Politics to making a diagnosis of Autism and/or Intellectual Dsability? Yes!!
Times have changed. In the last 5+ years, a diagnosis of Autism is sought after as a diagnosis particularly if the other diagnosis to rule in or out is Intellectual Disability formerly Mental Retardation.
See the post below wherein the MD is haunted by a diagnosis of mild Autism which she made 20 years ago. Perhaps if that MD had suggested what treatments could be offered for mild Autism and typical progress made through social skills training, then perhaps the parents might have returned on their own for follow up appointments.
Twenty years ago we did not have internet. Now, it’s possible to get e-mails and immediately set up a connection with parents so as to address their concerns.
Recently, I diagnosed a 13 year old boy with Intellectual Disability, Unspecified. My guess is that he has Moderate ID, i.e., an I.Q around 40-50. When the parents were interviewed they said that they wanted a diagnosis of Autism. Later, at another meeting they entirely rejected a diagnosis of Intellectual Disability. Because Intellectual Disability affects all areas of general functioning whereas Autism is more limited it will not take 20 years to see which diagnosis is more accurate. The politics of this diagnosis still reverberates. Parents want any mention of Intellectual Disability stricken from our records. Politics involved? Yes!!
Haunted by an autism diagnosis: A sense of closure after 20 years
It was my first parent conference ever. I had watched an experienced social worker give a series of diagnoses to a family and now—following the “see one, do one” model—it would be my turn. Things started off well. When I reviewed the cognitive and language data, the parents were attentive and the mother’s nods indicated that the information was consistent with her own thoughts about her son. When I moved on to discuss the constellation of behaviors that included poor eye contact, conversational weaknesses and restricted interests and suggested that they might be manifestations of mild autism, the mother vehemently stated her disagreement. She said that she “had seen autism and this was not it.”
The family never returned for the scheduled follow-up appointments. I had no information about what had become of the boy. But I thought of him over the years; he haunted me. I went on to develop a clinical and research passion for autism and to head the RELATE program for early diagnosis and treatment of autism here at Einstein. The field of autism changed in the background, with the concept of the spectrum of autism becoming widely accepted. But I wondered through the years if, in my clinical debut, I had jumped the diagnostic gun. Had I given these parents an incorrect diagnosis for their son—one with lifelong implications? The case haunted me as I wondered whatever became of the boy and his family.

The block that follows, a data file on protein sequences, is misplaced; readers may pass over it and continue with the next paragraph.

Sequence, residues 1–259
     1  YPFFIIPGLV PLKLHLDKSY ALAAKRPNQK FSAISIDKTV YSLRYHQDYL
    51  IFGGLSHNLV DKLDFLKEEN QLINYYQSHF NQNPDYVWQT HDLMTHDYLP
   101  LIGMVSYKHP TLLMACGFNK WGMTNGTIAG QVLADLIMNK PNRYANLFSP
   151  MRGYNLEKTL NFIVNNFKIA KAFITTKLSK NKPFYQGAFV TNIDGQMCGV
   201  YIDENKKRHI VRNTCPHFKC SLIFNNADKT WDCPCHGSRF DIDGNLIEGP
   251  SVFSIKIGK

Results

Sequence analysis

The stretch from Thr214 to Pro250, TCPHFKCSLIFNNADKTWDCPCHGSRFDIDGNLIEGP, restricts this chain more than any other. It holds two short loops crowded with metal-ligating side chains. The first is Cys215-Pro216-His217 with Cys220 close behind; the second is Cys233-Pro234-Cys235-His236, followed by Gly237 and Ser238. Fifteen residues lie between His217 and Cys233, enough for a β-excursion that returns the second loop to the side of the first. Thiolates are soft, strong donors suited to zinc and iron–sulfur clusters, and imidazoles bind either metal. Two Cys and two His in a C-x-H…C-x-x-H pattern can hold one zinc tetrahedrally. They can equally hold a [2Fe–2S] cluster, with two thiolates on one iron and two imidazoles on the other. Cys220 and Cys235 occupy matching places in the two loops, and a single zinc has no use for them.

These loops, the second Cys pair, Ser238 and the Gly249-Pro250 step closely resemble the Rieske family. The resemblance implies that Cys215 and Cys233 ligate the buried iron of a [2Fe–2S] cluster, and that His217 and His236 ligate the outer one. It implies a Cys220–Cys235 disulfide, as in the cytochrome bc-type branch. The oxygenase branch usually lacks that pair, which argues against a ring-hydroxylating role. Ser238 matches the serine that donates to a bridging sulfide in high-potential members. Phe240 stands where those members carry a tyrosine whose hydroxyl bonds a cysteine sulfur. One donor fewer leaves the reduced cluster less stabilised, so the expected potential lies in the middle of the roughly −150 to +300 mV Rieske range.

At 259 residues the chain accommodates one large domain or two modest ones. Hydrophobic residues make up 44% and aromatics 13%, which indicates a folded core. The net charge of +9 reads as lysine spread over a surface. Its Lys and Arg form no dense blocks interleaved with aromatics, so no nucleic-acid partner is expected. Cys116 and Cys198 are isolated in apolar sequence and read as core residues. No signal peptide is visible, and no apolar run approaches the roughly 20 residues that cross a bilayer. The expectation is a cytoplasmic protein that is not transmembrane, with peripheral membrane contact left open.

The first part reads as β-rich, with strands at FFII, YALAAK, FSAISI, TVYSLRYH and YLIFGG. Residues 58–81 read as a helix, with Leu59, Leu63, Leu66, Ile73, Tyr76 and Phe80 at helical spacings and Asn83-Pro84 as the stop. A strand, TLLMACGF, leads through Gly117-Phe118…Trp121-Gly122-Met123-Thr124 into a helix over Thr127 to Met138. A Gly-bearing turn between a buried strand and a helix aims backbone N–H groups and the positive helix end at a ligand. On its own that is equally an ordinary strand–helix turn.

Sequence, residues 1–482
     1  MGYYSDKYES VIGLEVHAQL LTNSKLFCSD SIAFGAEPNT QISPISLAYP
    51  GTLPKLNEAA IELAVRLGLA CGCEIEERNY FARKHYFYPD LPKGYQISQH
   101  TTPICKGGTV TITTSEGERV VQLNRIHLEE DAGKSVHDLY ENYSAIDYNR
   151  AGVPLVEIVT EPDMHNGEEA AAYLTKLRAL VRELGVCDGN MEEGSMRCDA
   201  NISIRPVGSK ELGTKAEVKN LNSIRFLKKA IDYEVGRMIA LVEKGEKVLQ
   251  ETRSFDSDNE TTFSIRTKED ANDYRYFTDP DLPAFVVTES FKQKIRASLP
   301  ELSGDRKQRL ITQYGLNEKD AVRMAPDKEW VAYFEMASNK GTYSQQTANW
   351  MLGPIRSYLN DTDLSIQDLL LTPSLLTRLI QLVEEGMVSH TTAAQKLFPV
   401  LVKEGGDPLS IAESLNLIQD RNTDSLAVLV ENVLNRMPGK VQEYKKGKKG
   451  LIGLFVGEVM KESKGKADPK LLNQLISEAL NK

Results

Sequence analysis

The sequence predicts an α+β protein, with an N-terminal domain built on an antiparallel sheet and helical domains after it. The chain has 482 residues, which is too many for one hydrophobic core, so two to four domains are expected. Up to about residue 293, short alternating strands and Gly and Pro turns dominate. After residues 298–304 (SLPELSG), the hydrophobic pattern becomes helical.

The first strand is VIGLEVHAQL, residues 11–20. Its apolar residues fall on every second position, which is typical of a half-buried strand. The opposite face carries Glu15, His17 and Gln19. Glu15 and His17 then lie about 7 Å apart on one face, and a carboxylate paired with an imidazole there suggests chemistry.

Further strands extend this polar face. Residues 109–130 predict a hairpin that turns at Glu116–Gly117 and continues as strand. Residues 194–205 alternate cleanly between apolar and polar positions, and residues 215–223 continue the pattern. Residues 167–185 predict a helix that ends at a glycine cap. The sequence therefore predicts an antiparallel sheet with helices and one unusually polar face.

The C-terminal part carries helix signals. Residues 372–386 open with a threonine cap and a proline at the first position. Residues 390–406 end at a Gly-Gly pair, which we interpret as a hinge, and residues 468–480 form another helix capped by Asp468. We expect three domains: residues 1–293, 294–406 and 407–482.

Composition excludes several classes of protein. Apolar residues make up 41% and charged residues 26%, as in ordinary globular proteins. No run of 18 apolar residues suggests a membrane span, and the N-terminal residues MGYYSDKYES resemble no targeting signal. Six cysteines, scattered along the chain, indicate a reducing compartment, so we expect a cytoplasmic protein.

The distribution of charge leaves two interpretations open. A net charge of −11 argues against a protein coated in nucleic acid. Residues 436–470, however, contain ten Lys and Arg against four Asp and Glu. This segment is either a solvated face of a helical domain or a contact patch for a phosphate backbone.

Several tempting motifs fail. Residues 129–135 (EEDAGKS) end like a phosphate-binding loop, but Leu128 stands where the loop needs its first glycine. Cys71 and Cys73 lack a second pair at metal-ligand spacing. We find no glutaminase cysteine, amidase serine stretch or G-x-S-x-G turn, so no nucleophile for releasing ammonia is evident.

I looked back at the old chart and the release of records form and found that there was another sticky note affixed to the record. It said that the patient was currently being seen on the adult unit, and those recent records were also attached. I excitedly flipped through the pages to find the new report. The record began: “The client is a 29-year-old male who reports that he was diagnosed with mild autism as a child, that he completed high school, went on to college but could not manage it and dropped out and has been unable to hold a job since due to social difficulties. He comes seeking treatment.” The report goes on to describe his poor eye contact, trouble with topic maintenance and trouble understanding the examiner’s perspective. It was clear, based on the recent evaluation and current attitudes and criteria, that the patient has an autism spectrum disorder.
From a selfish perspective, this follow-up—more than 20 years later—gave me a sense of closure. The long-ago diagnosis had been accepted, at least by the young man himself, and he continues to show signs of this generally lifelong diagnosis. But I ached to know the course his family had taken in accepting the diagnosis and what help he had received along the way. Could he have done better and succeeded in his education and work activities if he had received more specialized help, such as social skills training—readily available these days but hard to find in the 90s? I don’t think the case will haunt me in the same way it had. Maybe in some new ways, though, it will.
Lisa Shulman is a neurodevelopmental pediatrician and director, infant and toddler services, Children’s Evaluation and Rehabilitation Center (CERC), Albert Einstein College of Medicine. She blogs at The Doctor’s Tablet.